Will spirit of the law trump letter of the law?

Waterford FC fans, and sports people in general, were upset and angered by a belated decision by Uefa not to allow the Blues to compete in Europe despite qualifying to do so on the field of play.
After ten long years in the wilderness of Division One, Waterford finished fourth in the Premier Division in 2018. Champions Dundalk also won the FAI Cup, so fourth place was enough to qualify Waterford for European competition.The owner of Waterford FC, Lee Power, has instructed his lawyers to lodge an appeal with Uefa. He has also clearly outlined how the FAI gave the club assurances throughout the five-month qualification process that the licence would be granted.
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In addition, no negative issues were raised by Uefa delegates during visits to the RSC during that same period. The bottom line is that that the decision will cost Waterford FC close to €250,000, money that was expected to be paid in a few months time and which has been factored into the club’s budget and accounts. Failure to receive that money could be catastrophic.Waterford’s ‘crime’ is that, technically, the club does not fulfill the three-year rule (not in existence for three years) as defined in the Uefa Club Licensing and Financial Fair Play Regulations. That rule is there for good reasons that most people would agree with but, in reality, Waterford FC is only a new club on paper. And, as far as I am aware, none of the problems Uefa wanted to stamp out apply in this case. There is some talk of an individual being owed money by the old Waterford United. If that is untrue, or is sorted, then we appear to be in breach of the letter of the law but not the spirit of the law.
It will be very interesting to see what the lawyers make of Waterford’s case if it ever goes to court because there are precedents where the spirit of the law trumped the letter of the law.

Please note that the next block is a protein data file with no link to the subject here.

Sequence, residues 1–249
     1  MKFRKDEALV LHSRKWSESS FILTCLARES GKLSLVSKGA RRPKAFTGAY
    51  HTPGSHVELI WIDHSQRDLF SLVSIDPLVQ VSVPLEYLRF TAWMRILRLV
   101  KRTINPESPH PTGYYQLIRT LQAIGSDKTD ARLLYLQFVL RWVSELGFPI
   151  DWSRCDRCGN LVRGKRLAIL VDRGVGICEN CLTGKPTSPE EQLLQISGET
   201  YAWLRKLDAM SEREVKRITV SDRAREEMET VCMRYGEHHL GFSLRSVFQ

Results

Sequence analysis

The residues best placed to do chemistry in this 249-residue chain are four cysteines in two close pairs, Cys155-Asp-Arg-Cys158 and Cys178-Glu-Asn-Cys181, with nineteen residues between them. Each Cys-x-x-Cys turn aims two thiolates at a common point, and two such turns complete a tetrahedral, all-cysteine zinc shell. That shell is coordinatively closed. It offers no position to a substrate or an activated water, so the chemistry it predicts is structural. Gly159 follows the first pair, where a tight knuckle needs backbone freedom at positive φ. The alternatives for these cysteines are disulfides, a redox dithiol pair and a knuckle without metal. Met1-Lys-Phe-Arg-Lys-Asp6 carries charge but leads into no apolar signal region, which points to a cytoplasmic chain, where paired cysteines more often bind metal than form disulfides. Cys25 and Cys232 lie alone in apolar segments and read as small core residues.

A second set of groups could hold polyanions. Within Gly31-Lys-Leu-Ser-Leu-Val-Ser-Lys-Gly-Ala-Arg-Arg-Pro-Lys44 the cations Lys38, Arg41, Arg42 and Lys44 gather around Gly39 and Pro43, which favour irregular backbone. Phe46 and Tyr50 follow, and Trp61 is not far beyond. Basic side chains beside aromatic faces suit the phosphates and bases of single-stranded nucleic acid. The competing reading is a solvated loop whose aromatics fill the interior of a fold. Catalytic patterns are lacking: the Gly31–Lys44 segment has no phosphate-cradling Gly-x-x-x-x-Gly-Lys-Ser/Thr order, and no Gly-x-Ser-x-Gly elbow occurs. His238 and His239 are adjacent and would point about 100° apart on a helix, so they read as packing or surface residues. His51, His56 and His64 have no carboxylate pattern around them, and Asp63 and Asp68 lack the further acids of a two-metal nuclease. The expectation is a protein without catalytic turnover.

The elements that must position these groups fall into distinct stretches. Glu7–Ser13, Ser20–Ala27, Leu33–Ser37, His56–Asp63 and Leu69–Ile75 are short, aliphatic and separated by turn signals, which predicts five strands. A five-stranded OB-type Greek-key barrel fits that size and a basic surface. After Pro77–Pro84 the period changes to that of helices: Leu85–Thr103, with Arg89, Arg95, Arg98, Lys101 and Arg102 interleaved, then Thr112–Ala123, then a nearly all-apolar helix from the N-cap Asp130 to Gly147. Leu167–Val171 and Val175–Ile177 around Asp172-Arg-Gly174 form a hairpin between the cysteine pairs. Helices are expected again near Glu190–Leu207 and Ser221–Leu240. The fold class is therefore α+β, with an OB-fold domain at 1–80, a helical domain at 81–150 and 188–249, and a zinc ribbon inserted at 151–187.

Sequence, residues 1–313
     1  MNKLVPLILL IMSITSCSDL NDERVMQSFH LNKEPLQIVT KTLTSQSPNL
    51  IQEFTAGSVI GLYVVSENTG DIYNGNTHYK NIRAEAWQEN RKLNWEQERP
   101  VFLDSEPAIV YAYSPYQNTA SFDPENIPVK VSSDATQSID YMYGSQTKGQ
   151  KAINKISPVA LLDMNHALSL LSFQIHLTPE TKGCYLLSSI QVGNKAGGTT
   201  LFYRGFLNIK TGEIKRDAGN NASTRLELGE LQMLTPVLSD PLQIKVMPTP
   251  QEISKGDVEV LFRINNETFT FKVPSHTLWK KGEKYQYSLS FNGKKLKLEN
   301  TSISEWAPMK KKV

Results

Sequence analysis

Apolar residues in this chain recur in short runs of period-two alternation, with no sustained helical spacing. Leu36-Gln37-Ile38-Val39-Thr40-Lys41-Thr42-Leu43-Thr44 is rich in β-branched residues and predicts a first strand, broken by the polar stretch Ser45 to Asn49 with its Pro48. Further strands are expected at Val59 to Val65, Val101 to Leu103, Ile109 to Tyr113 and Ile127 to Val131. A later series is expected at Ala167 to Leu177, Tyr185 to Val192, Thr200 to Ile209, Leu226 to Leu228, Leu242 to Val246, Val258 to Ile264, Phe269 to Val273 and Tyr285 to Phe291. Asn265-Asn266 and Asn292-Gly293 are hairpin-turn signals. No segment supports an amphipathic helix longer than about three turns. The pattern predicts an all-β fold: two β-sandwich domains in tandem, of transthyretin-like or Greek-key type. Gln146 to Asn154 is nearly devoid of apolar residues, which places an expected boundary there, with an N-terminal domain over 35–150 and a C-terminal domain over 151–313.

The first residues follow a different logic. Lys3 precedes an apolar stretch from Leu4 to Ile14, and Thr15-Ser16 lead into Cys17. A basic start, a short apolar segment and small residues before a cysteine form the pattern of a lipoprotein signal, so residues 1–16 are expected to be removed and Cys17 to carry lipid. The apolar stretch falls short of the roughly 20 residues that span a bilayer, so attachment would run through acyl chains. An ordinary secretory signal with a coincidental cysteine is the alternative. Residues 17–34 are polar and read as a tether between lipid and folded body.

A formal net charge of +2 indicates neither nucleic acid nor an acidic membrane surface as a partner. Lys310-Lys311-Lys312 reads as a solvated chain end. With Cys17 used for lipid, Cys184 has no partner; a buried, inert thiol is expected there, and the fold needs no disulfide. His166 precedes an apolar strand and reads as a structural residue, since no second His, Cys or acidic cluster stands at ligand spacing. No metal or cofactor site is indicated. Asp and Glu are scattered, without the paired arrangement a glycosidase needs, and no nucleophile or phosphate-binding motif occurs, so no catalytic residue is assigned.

The letter of the law can be defined as any formal code, rule, regulation or principle

that must be followed according to mandates or policies. In short, it is the law as it is written. In English law, much of which is still applied in this country, the Golden Rule is one of the rules of statutory construction traditionally applied by the courts. The rule can be used to avoid the consequences of a literal interpretation of the wording of a statute when such an interpretation would lead to a manifest absurdity or to a result that is obnoxious to principles of public policy. Original intent maintains that, in interpreting a text, a court should determine what the authors of the text were trying to achieve and to give effect to what they intended the statute to accomplish.Finally, there is St Patrick’s Athletic, a proud and long-established club that has enjoyed a long and sporting rivalry with Waterford FC. St Patrick’s finished one place behind Waterford in the league table in question. So far, it is not clear if the Dublin club actually precipitated Waterford’s problem by making a case to the FAI or whether, when the issue was aired, they merely reminded the FAI that, if Waterford was eliminated, they should take its place. I hope it was the latter and not the former as such a ploy would be abhorrent in the eyes of most fair-minded sports people.

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